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Aadhaar will now be used as identity proof, for bank KYC [India] [Times of India]
[October 23, 2012]

Aadhaar will now be used as identity proof, for bank KYC [India] [Times of India]

(Times of India Via Acquire Media NewsEdge) NEW DELHI: Submitting photocopies of identity and address proof for opening a bank account, buying insurance or getting a mobile connection could soon be a thing of the past. Instead, it would all be there at your finger tips.

The Unique Identification Authority of India (UIDAI) is ready with electronic know-your-customer authentication (eKYC) service which will pave the way to provide identity and address proof by just providing your fingerprints for biometric identification.

Officials said the facility of a one-touch eKYC could start as early as next month after government and other agencies, such as Reserve Bank of India (RBI), notify the new norms that explicitly provide for Aadhaar as a valid identity proof.

So, when a bank asks for your ID proof to open an account, all you will have to do is tap on a device that reads fingerprints and the information will be transmitted electronically in an encrypted form. The front desk will receive a message saying that the information has been received and has matched with the data available, explained an official.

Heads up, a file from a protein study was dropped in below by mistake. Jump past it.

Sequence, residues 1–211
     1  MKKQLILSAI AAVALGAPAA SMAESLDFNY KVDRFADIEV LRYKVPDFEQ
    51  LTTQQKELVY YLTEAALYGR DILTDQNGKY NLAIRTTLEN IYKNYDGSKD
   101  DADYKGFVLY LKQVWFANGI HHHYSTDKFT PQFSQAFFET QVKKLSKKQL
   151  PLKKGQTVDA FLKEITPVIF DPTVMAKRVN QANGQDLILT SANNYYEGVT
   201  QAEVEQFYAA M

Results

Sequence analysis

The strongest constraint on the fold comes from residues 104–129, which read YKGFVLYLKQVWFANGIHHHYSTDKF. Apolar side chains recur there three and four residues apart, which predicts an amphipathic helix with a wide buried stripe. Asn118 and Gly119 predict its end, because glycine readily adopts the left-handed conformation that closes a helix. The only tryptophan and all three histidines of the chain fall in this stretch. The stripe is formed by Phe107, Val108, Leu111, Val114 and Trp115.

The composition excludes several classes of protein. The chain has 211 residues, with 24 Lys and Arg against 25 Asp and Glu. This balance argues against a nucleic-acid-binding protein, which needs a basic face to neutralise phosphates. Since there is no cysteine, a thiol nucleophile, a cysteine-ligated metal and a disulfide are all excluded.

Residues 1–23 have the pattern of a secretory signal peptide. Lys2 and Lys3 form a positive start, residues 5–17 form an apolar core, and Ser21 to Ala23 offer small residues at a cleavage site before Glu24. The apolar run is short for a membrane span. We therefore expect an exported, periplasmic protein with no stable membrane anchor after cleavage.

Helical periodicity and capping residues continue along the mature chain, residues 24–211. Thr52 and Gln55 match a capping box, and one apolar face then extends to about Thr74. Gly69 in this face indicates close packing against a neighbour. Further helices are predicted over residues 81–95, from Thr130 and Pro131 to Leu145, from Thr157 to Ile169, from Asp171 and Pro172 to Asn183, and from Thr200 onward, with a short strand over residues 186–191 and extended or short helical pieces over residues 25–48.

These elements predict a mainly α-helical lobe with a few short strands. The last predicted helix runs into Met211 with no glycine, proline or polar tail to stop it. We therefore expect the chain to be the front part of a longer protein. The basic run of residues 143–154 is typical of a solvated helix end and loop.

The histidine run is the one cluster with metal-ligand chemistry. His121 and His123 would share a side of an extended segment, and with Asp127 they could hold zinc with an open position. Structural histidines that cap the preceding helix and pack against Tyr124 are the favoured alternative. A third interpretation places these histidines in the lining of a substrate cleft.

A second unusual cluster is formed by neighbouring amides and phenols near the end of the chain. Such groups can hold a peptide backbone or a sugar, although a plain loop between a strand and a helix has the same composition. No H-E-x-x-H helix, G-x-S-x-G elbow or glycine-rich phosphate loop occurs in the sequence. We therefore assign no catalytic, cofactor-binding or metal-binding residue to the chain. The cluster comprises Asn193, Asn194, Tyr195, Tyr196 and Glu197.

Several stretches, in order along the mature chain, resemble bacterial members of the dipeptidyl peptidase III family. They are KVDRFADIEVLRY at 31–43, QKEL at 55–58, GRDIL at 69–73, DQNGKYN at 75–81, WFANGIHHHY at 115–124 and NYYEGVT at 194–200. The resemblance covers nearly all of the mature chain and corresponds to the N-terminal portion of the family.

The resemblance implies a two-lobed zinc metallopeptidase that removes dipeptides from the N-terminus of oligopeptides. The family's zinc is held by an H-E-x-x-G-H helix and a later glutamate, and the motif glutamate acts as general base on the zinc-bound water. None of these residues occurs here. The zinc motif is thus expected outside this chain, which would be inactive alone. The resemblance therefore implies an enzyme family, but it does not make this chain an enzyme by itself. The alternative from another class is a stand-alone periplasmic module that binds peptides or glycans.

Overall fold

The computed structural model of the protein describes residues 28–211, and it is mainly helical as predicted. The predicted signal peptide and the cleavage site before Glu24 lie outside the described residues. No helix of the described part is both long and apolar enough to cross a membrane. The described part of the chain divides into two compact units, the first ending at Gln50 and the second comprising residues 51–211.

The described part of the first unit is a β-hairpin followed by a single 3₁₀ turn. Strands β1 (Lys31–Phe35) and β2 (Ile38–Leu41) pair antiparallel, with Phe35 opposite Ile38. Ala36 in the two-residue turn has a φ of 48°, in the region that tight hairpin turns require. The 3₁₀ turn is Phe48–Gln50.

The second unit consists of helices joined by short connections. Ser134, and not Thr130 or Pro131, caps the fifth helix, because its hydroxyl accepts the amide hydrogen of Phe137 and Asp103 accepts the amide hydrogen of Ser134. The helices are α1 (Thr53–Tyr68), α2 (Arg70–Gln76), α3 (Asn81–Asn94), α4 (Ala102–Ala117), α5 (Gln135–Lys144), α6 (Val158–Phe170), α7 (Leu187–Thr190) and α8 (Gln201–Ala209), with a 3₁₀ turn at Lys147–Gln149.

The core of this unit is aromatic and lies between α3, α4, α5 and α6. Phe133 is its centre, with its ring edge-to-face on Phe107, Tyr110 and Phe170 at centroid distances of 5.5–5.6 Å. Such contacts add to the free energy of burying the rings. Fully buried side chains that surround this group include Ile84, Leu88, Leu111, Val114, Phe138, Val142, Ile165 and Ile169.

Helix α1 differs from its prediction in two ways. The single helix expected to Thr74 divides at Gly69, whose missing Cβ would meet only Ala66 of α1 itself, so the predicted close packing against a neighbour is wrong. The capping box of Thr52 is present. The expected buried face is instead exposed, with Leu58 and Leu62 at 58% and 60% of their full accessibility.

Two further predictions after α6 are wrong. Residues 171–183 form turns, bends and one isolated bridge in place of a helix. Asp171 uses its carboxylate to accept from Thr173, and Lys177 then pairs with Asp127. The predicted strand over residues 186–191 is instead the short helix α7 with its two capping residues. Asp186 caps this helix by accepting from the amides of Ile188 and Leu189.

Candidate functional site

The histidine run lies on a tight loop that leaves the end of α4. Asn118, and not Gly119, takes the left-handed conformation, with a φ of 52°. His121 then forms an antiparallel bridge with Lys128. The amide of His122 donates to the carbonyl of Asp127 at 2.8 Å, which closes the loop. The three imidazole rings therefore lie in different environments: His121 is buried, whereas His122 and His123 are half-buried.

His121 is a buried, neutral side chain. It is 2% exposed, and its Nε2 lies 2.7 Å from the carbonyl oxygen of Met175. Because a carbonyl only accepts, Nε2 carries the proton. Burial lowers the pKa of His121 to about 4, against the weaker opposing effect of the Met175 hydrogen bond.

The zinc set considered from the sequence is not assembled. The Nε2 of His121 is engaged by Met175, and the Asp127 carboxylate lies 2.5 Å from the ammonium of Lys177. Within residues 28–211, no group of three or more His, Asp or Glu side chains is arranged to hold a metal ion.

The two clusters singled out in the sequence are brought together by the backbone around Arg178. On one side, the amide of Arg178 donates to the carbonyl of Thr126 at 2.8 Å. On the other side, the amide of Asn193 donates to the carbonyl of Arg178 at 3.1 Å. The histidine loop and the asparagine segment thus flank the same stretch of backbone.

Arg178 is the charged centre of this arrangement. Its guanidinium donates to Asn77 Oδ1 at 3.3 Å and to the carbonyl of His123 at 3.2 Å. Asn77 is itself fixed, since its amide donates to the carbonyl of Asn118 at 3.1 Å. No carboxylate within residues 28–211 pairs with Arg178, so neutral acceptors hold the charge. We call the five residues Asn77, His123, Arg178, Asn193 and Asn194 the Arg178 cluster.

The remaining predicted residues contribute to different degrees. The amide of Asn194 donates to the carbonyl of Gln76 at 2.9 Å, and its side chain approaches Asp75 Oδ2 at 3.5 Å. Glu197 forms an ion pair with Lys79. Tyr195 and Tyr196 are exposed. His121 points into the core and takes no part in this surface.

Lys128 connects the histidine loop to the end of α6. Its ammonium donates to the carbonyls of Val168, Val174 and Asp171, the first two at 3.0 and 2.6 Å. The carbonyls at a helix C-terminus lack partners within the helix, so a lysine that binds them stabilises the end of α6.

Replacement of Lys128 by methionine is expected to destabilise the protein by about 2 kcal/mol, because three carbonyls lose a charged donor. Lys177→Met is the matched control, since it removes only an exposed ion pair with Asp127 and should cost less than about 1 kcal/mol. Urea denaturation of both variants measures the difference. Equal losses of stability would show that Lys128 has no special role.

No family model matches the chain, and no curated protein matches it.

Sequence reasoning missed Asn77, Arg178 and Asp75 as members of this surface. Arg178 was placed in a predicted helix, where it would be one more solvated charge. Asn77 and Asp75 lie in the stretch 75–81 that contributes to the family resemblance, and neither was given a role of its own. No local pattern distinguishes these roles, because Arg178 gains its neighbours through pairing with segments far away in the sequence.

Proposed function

Under the Aadhaar authentication process, the 12-digit number, along with other attributes, including biometrics, are available with the Central Identities Data Repository. Once the information is sought by scanning the fingerprints, the platform will sent a "Yes" or "No" message to the vendor which could be a bank or a telecom company.

Officials said that the finance ministry has been critical of RBI creating ambiguity over the use of Aadhaar as a valid ID proof for financial transactions. Now, the regulator will issue a comprehensive circular detailing the new norms.

Similarly, an official in the UID Authority said that the cabinet secretariat has also asked government agencies, including the ministry of external affairs, to accept Aadhaar for various activities, including for issue of passports.

While eKYC will start with the use of fingerprints, future plans would enable mobile phone cameras to scan the iris and use the data for verifying the information available on the platform.

Apart from doing away with the need for photocopies, it will also usher in efficiency, make the transaction secure, stamp out possible forgery and do away with unnecessary paper work.

The need for the eKYC service arose especially in the telecom sector as the government norms mandate that service providers validate the documents submitted by consumers. "There are security issues involved here and telecom company executives are at times reluctant to certify the authenticity of the information. So, we got a demand from the industry," said an official.

If the system takes off, it will also solve the problem for financial service providers as banks, mutual funds and insurance companies are moving to a common database.

(c) 2012 Bennett, Coleman & Company Limited

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